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Jeff Flake, a Republican congressman heading the delegation, said he hoped to meet officials and launch a "new era in US-Cuba relations".
But now the ailing Castro is largely viewed as unlikely to return to power. Democrats, traditionally less inclined to back the sanctions against Cuba, are set to control Congress. Bush is looking more like a lame-duck leader and his brother, Florida Gov. Jeb Bush, is leaving office in January.
Adding to that perfect-storm scenario, a report by the watchdog Government Accountability Office last month questioned the efficiency of U.S. democracy programs to support dissidents on the island, giving more fuel to foes who argue that a change in policy is overdue.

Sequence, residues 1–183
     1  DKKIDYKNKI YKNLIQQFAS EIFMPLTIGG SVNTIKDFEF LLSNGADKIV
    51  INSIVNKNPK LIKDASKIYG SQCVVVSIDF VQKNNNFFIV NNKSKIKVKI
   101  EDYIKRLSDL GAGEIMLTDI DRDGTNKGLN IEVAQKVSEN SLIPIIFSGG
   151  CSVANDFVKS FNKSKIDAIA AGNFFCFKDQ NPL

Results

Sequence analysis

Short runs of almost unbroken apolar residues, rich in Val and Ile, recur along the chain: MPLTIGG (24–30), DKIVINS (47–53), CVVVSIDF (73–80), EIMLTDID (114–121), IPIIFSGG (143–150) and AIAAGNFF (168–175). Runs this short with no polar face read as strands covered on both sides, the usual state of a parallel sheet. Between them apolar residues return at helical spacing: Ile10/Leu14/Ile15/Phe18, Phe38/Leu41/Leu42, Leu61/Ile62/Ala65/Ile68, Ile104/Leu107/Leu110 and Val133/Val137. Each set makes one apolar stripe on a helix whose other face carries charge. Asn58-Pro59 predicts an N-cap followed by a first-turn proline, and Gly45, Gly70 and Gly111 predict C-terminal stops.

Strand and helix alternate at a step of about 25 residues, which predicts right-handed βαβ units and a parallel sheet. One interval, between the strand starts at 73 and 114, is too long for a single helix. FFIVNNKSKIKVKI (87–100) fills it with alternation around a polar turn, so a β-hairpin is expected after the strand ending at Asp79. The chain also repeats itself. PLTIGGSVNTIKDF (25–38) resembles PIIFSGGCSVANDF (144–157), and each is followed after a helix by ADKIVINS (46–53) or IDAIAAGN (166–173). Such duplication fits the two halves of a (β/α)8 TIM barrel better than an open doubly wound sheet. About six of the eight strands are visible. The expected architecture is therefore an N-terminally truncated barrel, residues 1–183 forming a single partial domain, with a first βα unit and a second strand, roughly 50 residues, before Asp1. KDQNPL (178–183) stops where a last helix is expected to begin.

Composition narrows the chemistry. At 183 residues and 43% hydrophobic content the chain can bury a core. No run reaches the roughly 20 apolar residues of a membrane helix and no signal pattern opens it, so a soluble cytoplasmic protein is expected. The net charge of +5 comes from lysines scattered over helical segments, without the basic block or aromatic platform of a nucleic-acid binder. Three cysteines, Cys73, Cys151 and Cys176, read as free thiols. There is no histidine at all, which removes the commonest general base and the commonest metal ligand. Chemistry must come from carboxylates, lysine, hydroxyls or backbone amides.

''If you're a hard-liner on policy toward Cuba, things are not looking very good for you,'' said Tomas Bilbao, executive director of the Cuba Study Group, a centrist nonpartisan group based in Miami and Washington.